First, your bus can't be going at the speed of light because massive objects are strictly forbidden from traveling at that speed. Even to being traveling near the speed of light would require a fantastic expenditure of energy.
But suppose that the bus were traveling at 99.999999% of the speed of light and you were to run toward its front at 0.000002% of the speed of light (about 13 mph or just under a 5 minute mile). Now what would happen?
First, the bus speed I quoted is in reference to some outside observer because the seated passengers on the bus can't determine its speed. After all, if the shades are pulled down on the bus and it's moving at a steady velocity, no one can tell that it's moving at all. So let's assume that the bus speed I gave is according to a stationary friend who is watching the bus zoom by from outside.
While you are running toward the front of the bus at 0.000002% of the speed of light, your speed is in reference to the other passengers in the bus, who see you moving forward. The big question is what does you stationary friend see? Actually, your friend sees you running toward the front of the bus, but determines that your personal speed is only barely over 99.999999%. The two speeds haven't added the way you'd expect. Even though you and the bus passengers determine that you are moving quickly toward the front of the bus, your stationary friend determines that you are moving just the tiniest bit faster than the bus. How can that be?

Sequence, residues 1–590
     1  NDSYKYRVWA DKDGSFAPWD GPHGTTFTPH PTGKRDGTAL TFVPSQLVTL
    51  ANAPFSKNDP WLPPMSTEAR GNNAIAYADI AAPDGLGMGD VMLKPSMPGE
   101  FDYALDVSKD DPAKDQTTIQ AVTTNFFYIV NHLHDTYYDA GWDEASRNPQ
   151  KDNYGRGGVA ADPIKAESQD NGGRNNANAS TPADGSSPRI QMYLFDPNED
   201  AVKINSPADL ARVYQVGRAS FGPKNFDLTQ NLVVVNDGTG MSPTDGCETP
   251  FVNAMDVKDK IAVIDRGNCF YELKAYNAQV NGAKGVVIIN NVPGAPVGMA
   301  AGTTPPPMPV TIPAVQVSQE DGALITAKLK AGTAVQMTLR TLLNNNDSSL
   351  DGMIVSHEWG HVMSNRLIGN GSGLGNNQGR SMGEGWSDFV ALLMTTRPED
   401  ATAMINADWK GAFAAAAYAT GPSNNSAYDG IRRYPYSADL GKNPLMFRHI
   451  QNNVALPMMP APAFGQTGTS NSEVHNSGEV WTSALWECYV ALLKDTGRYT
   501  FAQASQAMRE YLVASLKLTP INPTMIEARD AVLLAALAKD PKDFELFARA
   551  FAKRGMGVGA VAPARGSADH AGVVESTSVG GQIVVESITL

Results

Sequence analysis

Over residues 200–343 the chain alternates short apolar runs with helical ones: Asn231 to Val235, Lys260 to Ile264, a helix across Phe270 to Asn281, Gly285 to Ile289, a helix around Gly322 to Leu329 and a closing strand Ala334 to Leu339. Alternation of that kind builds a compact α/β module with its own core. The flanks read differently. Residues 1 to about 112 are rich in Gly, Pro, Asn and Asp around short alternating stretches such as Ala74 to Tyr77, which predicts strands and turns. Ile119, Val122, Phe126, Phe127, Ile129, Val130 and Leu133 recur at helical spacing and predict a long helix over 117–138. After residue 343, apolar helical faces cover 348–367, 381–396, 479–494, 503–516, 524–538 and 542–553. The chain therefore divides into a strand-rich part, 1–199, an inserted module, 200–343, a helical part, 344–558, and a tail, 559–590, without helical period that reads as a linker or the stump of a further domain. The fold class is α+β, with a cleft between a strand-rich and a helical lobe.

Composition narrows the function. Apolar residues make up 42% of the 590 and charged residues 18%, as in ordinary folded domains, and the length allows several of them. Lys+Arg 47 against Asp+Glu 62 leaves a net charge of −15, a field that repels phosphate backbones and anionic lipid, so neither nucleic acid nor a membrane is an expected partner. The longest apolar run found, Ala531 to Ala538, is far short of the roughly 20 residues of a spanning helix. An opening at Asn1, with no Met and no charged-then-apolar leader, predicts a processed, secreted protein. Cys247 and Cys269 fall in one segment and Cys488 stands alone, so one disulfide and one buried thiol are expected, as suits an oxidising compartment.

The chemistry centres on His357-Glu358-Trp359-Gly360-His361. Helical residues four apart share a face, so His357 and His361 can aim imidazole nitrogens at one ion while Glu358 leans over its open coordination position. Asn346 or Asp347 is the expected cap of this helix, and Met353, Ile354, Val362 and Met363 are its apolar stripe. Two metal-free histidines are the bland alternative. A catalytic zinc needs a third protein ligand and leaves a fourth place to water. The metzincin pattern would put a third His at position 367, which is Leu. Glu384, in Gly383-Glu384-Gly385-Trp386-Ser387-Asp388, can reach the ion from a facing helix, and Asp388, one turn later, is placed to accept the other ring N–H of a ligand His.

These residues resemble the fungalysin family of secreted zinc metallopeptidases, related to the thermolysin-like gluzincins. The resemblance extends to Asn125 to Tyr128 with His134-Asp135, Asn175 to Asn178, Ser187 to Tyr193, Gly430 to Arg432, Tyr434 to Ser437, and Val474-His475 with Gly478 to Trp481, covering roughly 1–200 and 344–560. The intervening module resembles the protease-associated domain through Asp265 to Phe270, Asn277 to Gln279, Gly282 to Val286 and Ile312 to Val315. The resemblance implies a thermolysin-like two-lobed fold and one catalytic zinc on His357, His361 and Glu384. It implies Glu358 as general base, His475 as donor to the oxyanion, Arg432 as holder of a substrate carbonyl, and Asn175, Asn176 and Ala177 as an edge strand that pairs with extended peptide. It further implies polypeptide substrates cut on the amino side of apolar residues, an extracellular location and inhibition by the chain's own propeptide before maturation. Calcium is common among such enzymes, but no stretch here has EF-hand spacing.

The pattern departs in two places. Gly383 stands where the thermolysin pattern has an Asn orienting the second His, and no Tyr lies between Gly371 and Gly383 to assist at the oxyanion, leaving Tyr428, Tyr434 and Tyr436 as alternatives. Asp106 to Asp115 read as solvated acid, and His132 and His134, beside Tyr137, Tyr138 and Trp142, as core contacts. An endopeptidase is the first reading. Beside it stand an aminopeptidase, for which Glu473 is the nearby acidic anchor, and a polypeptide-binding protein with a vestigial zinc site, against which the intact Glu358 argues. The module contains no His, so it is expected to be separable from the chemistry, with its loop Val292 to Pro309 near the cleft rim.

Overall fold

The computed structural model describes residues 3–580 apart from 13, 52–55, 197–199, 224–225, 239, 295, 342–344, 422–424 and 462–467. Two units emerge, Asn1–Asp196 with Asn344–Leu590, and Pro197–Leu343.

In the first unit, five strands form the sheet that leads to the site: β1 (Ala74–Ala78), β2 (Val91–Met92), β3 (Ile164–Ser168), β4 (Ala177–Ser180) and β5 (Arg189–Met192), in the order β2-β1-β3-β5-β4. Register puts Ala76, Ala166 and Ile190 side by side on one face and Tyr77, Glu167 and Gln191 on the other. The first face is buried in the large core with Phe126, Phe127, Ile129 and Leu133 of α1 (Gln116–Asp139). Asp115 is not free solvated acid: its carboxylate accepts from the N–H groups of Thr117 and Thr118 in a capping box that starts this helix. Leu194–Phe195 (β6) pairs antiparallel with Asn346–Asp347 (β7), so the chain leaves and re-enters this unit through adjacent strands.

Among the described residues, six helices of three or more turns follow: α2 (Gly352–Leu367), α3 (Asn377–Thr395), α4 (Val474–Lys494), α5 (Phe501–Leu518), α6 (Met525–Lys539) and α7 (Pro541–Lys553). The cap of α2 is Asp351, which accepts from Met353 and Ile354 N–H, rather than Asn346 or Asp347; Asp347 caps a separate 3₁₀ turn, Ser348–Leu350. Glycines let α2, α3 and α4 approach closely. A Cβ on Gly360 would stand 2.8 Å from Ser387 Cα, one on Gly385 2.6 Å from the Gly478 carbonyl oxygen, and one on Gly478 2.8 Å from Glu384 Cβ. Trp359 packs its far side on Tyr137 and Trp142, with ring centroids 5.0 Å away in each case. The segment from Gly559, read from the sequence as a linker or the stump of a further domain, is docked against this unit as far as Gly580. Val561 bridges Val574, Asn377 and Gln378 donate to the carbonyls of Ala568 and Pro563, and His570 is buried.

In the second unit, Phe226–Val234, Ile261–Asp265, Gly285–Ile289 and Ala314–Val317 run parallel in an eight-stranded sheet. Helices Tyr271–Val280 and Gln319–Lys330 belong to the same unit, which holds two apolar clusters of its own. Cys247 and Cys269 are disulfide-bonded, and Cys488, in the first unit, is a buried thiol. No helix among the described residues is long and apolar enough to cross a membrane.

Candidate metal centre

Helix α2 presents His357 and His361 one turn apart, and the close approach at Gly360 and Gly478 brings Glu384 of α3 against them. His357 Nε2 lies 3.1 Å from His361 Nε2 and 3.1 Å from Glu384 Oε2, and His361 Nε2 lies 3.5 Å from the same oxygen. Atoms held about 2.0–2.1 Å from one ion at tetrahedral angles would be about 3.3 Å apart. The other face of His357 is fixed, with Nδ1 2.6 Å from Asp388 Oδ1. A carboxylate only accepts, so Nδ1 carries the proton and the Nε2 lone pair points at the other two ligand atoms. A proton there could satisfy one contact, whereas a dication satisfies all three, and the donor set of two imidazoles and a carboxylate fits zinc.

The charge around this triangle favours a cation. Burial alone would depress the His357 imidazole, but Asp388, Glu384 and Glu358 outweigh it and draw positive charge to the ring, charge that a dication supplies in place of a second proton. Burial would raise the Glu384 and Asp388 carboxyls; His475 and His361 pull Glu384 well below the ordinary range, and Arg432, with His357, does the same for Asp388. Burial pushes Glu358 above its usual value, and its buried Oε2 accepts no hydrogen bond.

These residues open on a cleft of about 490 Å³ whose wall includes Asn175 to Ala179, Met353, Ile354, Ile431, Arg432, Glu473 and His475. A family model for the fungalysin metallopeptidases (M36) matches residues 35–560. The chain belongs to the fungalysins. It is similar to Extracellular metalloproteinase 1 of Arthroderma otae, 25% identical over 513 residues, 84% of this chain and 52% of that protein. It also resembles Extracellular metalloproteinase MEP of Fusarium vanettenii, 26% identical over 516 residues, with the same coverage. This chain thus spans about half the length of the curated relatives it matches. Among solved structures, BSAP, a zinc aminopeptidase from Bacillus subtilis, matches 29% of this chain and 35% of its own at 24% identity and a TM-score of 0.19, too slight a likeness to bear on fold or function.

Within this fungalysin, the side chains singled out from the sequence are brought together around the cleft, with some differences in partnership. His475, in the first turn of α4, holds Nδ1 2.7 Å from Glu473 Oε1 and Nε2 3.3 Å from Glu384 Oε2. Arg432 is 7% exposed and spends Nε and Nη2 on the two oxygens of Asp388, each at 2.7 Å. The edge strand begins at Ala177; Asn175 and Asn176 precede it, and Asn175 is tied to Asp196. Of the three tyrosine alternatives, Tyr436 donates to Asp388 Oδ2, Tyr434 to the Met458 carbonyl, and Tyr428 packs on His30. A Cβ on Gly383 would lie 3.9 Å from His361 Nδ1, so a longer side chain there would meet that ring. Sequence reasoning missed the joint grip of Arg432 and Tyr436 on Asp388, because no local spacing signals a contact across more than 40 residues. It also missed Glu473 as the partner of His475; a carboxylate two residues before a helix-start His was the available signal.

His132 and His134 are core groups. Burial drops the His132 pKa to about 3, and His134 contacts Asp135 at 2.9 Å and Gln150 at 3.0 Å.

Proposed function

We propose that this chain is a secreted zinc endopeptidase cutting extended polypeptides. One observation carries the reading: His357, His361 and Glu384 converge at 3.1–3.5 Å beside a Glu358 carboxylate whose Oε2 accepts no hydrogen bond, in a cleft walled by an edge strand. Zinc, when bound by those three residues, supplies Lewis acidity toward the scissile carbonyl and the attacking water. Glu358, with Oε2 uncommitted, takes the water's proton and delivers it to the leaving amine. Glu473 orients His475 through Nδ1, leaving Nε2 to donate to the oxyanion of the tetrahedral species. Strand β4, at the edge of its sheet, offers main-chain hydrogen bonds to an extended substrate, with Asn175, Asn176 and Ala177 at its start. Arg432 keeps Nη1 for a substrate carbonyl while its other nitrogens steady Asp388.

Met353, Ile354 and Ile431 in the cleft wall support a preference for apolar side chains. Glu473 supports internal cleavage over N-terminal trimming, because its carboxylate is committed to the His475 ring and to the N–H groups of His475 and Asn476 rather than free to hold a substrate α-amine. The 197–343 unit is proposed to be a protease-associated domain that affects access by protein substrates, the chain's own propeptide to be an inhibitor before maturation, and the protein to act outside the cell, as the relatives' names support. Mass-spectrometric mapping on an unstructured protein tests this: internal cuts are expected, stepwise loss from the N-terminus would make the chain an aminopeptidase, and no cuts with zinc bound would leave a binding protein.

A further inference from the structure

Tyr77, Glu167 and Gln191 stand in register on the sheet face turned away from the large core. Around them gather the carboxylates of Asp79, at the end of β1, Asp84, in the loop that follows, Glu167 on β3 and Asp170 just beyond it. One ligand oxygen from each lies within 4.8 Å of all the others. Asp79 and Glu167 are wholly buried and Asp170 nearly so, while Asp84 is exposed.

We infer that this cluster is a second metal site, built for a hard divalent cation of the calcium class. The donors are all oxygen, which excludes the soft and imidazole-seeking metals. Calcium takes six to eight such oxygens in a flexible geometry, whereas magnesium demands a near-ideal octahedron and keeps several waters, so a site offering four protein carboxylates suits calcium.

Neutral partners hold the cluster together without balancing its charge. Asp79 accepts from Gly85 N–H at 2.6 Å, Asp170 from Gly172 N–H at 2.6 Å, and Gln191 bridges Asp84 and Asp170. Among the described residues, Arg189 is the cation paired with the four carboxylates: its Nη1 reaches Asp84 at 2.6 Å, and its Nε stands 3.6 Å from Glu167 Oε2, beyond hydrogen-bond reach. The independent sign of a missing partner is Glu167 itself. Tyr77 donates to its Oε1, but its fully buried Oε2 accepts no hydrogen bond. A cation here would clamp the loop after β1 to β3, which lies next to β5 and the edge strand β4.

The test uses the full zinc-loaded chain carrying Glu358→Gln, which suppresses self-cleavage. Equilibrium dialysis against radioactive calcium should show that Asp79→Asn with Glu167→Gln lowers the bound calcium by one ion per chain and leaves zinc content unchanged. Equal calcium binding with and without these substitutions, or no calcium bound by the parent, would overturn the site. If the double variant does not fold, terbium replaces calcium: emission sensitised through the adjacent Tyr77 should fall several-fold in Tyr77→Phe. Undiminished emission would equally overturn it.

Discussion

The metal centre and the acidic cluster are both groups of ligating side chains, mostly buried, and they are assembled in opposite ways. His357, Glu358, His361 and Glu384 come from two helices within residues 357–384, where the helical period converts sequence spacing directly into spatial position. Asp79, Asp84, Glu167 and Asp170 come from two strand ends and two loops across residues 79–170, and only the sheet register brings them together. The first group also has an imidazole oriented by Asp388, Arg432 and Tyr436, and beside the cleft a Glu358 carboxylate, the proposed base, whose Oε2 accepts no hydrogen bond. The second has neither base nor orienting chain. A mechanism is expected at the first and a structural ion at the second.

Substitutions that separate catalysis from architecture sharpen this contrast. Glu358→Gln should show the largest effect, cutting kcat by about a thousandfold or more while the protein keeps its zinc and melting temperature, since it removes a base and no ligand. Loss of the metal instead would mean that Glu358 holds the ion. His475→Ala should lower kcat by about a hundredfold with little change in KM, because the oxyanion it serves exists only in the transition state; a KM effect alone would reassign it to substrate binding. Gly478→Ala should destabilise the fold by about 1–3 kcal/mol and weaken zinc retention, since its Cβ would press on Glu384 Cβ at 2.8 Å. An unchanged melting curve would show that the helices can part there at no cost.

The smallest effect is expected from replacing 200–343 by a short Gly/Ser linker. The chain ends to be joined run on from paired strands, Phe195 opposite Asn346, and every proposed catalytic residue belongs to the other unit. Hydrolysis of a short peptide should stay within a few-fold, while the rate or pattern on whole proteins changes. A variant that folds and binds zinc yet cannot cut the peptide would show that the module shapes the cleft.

The answer lies in the details of special relativity, but here is a simple, albeit bizarre picture. Your stationary friend sees a deformed bus pass by. Ignoring some peculiar optical effects due to the fact that it takes time for light to travel from the bus to your friend's eyes so that your friend can see the bus, your friend sees a foreshortened bus—a bus that is smashed almost into a pancake as it travels by. While you are in that pancake, running toward the front of the bus, the front is so close to the rear that your speed within the bus is miniscule. Why the bus becomes so short is another issue of special relativity.
Yes, fluorescents are more energy efficient overall. To begin with, fluorescent lights have a much longer life than incandescent lights—the fluorescent tube lasts many thousands of hours and its fixture lasts tens of thousands of hours. So the small amount of energy spent building an incandescent bulb is deceptive—you have to build a lot of those bulbs to equal the value of one fluorescent system.
Second, although there is considerable energy consumed in manufacturing the complicated components of a fluorescent lamp, it's unlikely to more than a few kilowatt-hours—the equivalent of the extra energy a 100 watt incandescent light uses up in a week or so of typical operation. So it may take a week or two to recover the energy cost of building the fluorescent light, but after that the energy savings continue to accrue for years and years.